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March 1, 2012
Roper Osborne-Halverson played at Wake Forest at a time when the only real motivator was love of the game. Any game. At least in her case.
Sport specificity is a sign of progress in women's college athletics. There are enough competitors and enough teams across the country that student-athletes don't have to pull double and triple duty in order to fill out rosters. In retrospect, however, Osborne-Halverson's story has its charm and an exceptionally diverse set of chapters.
From 1972-76, she alternated between volleyball in the fall, basketball in the winter and golf in the spring, participating in 10 of 12 possible seasons. There were no breaks in her first two years and few of the rewards -- travel, television coverage, scholarship dollars -- commonly associated with major college sports these days.
There was no shortage of experiences, however. Of them all, Osborne-Halverson most fondly recalls the basketball team's 76-71 win over NC State on Feb. 21, 1976. Just how early was a it? From Wake's standpoint, it was prehistoric; the university has no game-by-game schedules or records before 1977-78. The Wolfpack does confirm it happened, and time only helped magnify the achievement. Wake would not beat State for another 11 years. The Demon Deacons won two in a row in the series and didn't prevail again until 1996.
Osborne-Halverson earned all-state honors in her final two seasons of basketball, during which she averaged 17.5 points a game. She was an honorable-mention choice in volleyball as a senior.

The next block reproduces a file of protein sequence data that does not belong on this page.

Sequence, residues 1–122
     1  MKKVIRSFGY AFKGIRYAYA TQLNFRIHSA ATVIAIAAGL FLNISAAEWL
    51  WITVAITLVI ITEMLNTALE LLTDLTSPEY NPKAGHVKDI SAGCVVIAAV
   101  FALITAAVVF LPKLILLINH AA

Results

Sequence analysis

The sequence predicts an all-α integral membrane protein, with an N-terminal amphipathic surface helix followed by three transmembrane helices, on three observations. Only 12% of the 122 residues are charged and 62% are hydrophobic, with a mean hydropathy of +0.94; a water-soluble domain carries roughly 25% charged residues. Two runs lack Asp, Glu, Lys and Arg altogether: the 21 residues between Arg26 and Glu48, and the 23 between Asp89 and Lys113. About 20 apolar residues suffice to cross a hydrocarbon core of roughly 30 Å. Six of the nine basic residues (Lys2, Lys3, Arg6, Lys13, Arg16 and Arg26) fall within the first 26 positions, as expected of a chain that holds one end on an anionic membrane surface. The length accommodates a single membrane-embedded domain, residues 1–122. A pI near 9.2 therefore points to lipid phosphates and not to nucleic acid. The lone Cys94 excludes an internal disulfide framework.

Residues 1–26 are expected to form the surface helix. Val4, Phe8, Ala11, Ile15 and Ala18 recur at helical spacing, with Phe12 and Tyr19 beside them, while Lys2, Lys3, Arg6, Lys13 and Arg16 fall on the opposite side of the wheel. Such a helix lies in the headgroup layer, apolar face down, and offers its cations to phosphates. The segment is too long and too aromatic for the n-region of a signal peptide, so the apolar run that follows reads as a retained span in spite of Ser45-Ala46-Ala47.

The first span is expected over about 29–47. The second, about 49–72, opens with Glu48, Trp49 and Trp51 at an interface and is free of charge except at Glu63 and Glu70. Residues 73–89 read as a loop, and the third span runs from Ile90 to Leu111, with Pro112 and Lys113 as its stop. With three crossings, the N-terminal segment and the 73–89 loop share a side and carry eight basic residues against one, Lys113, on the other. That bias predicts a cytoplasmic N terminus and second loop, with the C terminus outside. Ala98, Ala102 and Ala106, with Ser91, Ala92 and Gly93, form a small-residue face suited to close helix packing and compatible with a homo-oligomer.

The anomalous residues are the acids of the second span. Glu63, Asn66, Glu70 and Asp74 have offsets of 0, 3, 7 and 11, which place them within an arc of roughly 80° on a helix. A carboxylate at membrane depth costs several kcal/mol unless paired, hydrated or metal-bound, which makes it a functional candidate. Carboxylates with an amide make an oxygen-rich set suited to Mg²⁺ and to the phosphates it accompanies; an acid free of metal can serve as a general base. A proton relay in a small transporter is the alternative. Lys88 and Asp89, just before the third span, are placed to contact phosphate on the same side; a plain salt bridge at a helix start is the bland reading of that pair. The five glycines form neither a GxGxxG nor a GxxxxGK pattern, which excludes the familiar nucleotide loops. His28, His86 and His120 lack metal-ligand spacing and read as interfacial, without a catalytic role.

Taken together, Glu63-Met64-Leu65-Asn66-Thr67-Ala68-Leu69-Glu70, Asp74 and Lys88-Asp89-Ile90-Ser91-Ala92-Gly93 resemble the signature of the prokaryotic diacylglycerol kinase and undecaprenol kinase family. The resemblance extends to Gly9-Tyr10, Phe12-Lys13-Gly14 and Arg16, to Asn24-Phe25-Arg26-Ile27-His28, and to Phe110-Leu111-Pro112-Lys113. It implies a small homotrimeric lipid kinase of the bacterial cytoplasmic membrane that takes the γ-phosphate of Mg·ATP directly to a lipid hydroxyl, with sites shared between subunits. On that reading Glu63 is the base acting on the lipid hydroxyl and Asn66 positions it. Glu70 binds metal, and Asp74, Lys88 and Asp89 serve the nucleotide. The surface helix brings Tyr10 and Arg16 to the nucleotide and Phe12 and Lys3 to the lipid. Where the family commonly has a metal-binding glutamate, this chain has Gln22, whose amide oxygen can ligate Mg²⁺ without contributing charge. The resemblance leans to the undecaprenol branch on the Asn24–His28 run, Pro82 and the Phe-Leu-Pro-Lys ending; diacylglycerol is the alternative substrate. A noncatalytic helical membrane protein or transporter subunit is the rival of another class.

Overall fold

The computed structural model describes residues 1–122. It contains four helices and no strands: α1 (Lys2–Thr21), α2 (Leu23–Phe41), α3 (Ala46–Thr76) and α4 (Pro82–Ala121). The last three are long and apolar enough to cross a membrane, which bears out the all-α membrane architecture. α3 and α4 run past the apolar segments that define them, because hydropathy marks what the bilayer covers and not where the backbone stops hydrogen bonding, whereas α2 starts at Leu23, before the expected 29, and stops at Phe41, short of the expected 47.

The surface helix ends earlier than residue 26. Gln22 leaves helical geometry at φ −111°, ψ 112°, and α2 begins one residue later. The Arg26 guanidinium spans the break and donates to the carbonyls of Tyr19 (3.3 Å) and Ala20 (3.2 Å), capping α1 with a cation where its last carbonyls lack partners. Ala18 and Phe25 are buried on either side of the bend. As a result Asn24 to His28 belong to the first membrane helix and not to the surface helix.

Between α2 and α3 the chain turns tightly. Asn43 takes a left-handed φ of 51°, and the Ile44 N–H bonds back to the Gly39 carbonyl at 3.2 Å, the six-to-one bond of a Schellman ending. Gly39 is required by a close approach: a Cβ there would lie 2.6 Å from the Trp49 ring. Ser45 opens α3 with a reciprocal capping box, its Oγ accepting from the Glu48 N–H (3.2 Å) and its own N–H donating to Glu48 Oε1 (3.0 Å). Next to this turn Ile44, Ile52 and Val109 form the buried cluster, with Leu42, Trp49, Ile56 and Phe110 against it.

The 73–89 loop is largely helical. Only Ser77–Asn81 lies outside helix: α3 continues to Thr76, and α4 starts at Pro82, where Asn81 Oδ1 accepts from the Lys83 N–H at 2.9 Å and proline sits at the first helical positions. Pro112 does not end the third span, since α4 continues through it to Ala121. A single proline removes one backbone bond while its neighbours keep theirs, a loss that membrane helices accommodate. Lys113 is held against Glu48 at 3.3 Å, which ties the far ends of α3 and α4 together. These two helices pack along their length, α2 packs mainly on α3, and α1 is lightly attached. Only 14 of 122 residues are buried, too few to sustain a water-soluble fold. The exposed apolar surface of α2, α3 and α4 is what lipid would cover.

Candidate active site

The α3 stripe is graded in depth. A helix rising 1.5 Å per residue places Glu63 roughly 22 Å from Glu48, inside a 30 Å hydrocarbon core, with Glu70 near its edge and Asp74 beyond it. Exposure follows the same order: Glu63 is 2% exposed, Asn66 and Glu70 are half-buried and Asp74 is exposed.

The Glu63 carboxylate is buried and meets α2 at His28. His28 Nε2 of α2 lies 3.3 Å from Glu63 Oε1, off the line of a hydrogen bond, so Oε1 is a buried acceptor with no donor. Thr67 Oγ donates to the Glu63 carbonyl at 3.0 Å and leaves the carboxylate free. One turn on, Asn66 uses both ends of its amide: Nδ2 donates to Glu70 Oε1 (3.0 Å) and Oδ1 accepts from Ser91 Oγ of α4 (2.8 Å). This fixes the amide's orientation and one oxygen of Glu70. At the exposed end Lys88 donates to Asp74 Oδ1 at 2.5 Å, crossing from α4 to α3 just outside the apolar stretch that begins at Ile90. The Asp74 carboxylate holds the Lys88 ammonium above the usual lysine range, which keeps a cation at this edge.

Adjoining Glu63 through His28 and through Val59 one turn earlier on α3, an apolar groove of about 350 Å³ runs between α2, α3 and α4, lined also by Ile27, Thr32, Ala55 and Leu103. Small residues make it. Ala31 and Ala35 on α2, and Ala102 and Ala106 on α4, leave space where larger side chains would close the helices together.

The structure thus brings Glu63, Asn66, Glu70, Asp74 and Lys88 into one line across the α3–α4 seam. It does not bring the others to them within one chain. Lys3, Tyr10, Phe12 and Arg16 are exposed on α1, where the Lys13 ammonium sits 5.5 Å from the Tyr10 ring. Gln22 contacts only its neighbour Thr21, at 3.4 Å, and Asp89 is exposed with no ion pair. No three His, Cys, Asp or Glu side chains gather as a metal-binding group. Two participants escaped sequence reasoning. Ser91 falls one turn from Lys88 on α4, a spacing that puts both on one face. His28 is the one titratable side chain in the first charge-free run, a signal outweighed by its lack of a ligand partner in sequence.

And when intercollegiate contests weren't scheduled, she participated on intramural teams that won campus titles in basketball and softball.
Another indication of slowly changing times came after her graduation, when she became the first female athletic trainer in the Wake department. She held that post for two years before going to nursing school and starting a successful career in health care.
All the while, she has maintained an affiliation with her alma mater by serving as the analyst on radio broadcasts of Wake women's basketball the past 15 years. In 2005-06, the Demon Deacons' coaching staff presented her its annual award for dedication and service to the program.
A member of the Winston-Salem Forsyth County High School Sports Hall of Fame, Osborne-Halverson still lives in the area and is a mother of two. She reflects on her playing days not for what they lacked but for what they provided regardless of the development level.
"Whether you are 10-0 or 0-10, whether you start or sit the pine," she wrote, "in order for teamwork to be successful, you have to give of yourself to your coaches and to your teammates. That lesson will fuel your success in the future. You will always have something to give."